Boca Raton Criminal Defense Attorney
Everyday people don’t have to concern themselves with the finer points of the law as much as parolees and people on probation do. Probation is a time of intense scrutiny and evaluation, a test of how you conduct yourself among society. The courts are watching you for because they want to know: are you a law-disregarding or a law-abiding citizen?
If you’re on probation for a conviction in the State of Florida, it is imperative that you have a full knowledge of the regulations, laws and statutes the affect your status, and the consequences for violating the rules. There’s little to no room for error here; your fate depends on it.
What is Probation?
Probation is a legal condition that allows you to avoid prison but still be closely monitored by probation officials, who will ensure you don’t do anything illegal. People on probation must report to their probation officer on a regular basis. People convicted of a crime may be sentenced to probation or put on probation as a condition of release from prison.
What is Parole?
The reason probation and parole aren’t interchangeable is pretty simple; if you’re convicted of a crime, you obviously can’t be sentenced to parole. In the State of Florida, parole is also referred to as Controlled Release, and it happens when an inmate obtains release from jail or prison. Several of the probation regulations apply to parolees; for a while after your release, you will be required to meet with your parole officer on a regular basis.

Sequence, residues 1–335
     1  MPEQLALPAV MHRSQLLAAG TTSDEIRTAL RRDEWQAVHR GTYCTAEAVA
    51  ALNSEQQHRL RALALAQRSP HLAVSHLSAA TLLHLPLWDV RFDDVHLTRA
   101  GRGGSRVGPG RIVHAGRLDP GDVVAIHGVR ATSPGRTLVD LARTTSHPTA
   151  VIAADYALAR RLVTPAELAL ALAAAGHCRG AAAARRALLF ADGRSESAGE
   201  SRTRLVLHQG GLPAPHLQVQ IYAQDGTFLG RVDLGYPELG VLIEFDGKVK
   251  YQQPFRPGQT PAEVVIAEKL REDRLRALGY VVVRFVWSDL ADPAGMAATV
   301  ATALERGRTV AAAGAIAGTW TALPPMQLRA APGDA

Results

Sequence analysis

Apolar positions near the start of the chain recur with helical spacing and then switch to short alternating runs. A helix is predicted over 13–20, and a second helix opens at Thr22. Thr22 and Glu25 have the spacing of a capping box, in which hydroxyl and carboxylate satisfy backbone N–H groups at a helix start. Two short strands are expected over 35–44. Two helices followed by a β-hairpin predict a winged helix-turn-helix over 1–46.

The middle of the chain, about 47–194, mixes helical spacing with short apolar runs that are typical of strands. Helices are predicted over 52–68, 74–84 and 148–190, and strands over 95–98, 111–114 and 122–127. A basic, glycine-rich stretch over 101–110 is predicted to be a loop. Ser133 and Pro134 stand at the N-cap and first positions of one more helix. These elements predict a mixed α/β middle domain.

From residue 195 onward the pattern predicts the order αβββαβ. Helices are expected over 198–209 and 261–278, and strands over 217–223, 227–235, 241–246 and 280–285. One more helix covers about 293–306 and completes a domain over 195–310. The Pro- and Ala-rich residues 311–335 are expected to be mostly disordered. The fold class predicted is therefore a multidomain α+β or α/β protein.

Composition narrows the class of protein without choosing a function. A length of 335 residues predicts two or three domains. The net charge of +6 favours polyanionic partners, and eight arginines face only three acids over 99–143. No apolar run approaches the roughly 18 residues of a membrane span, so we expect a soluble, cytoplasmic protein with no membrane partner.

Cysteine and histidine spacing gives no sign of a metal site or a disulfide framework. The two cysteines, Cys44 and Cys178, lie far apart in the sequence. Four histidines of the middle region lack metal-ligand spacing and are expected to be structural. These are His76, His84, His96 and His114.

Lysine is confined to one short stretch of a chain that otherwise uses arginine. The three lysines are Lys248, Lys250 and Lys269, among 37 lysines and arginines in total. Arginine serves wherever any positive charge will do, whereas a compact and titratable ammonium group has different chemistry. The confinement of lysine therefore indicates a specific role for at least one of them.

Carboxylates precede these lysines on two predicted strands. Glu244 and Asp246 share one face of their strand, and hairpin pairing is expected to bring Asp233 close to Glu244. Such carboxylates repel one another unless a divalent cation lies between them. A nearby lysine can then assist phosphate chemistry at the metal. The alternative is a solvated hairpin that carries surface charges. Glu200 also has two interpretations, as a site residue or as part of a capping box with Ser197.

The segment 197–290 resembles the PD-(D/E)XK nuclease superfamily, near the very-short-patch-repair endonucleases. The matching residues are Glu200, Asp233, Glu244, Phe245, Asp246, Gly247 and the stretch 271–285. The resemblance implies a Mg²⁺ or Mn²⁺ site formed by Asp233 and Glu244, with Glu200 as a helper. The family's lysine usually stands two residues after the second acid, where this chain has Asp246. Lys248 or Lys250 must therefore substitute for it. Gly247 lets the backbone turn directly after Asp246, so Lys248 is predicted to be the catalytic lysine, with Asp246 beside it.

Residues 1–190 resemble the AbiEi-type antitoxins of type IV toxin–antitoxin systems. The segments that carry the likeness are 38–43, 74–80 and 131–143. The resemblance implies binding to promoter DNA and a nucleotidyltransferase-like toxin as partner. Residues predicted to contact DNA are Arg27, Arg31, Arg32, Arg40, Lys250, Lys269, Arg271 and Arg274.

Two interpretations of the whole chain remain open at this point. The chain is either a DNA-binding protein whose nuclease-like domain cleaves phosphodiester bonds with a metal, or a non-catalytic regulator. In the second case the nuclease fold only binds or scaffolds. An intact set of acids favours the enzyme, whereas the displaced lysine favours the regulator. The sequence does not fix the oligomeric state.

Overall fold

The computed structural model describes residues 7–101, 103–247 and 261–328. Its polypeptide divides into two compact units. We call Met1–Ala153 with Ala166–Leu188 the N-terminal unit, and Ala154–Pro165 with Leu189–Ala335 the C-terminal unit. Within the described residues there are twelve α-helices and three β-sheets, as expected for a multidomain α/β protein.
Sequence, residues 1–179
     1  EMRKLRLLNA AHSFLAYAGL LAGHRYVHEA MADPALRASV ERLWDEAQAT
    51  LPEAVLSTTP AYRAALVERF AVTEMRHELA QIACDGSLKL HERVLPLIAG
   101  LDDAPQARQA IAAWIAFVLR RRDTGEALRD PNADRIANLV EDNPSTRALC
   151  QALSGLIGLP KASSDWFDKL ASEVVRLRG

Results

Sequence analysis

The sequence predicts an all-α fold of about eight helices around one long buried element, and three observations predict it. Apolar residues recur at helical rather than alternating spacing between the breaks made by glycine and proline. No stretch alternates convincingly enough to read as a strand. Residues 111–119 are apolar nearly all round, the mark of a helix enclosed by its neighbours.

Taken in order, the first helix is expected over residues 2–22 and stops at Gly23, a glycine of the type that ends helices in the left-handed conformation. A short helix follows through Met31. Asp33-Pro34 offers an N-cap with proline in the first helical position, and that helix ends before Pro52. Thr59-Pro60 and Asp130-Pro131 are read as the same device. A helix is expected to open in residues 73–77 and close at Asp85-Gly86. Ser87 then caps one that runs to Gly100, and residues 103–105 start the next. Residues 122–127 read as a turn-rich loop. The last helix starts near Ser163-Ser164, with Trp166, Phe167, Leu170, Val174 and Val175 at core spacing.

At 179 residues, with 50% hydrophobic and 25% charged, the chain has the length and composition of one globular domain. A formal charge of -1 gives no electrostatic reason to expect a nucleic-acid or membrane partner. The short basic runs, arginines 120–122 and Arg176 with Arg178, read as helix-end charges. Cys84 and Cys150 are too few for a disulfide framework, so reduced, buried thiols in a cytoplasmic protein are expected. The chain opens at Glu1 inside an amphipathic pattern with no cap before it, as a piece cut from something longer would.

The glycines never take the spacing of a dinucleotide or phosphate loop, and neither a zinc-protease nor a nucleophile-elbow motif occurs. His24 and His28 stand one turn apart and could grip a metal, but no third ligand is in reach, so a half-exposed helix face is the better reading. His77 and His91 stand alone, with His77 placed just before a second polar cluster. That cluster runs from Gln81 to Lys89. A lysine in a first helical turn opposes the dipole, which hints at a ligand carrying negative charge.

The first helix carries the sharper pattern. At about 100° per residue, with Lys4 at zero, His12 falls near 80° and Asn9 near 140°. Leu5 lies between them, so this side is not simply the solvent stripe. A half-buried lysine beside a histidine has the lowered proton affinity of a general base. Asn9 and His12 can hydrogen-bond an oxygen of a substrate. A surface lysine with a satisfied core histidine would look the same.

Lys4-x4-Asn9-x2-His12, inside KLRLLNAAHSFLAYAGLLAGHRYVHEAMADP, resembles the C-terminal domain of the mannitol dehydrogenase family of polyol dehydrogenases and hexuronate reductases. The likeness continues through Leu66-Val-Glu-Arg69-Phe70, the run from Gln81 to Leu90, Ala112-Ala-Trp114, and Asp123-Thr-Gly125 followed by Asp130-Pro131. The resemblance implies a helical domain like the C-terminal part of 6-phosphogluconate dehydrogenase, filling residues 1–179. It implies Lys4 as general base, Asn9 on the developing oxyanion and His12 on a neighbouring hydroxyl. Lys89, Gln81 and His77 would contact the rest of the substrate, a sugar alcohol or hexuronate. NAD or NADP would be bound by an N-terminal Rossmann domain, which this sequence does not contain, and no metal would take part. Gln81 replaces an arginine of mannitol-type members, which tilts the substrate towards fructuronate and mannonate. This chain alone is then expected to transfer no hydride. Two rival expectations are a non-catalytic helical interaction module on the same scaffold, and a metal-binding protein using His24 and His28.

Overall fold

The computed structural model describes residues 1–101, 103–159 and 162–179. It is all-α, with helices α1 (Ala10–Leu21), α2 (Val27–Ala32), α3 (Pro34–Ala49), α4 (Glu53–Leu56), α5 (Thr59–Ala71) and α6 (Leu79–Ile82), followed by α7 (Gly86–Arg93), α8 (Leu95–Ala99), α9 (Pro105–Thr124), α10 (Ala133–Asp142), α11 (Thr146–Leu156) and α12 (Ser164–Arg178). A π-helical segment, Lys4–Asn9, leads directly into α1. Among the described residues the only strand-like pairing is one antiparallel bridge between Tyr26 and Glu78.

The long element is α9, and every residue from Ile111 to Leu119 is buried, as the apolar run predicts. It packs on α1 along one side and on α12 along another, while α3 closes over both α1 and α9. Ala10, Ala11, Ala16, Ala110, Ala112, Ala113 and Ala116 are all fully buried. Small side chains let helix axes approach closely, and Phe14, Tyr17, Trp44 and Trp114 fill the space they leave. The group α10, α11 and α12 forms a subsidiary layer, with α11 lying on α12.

What Happens if I Violate my Probation or the Terms of my Parole?
For both, the likely consequence is you will go back to jail. If you were released from prison but you violated your parole, you may be incarcerated again until you serve the remainder of your sentence.
Common Parole Violations
There are several ways to violate probation or parole, including, but not limited to:
- possession of a firearm
- possession of illegal substances
- failure to pass drug or alcohol testing
- failure to report to your parole or probation officer
- failure to pay fines or restitution
- arrests for additional crimes
- unauthorized travel or relocation
- failure to comply with rehabilitation programs, community service, or other court-ordered programs
- tampering with monitoring devices
If you wish to retain your freedom, it is absolutely crucial that you maintain a good relationship with the Florida Department of Corrections on as many levels as possible.
I Violated my Probation. Can a Florida Defense Attorney Help Me?
South Florida defense attorney Charles Mead has helped many clients avoid lengthy sentences by working with them to craft a powerful, personalized, an ultimately beneficial defense strategy. If you violated your probation, he can help you mitigate the damage and possibly retain your freedom.
Are you facing charges for violating your probation or the terms of your parole or community control? If you don’t want to stay in jail any longer than you have to, please call Boca Raton lawyer Charlie Mead at (561) 362-6677 in Boca Raton, (561) 366-9565 in West Palm Beach, or (954) 493-7474 in Fort Lauderdale.
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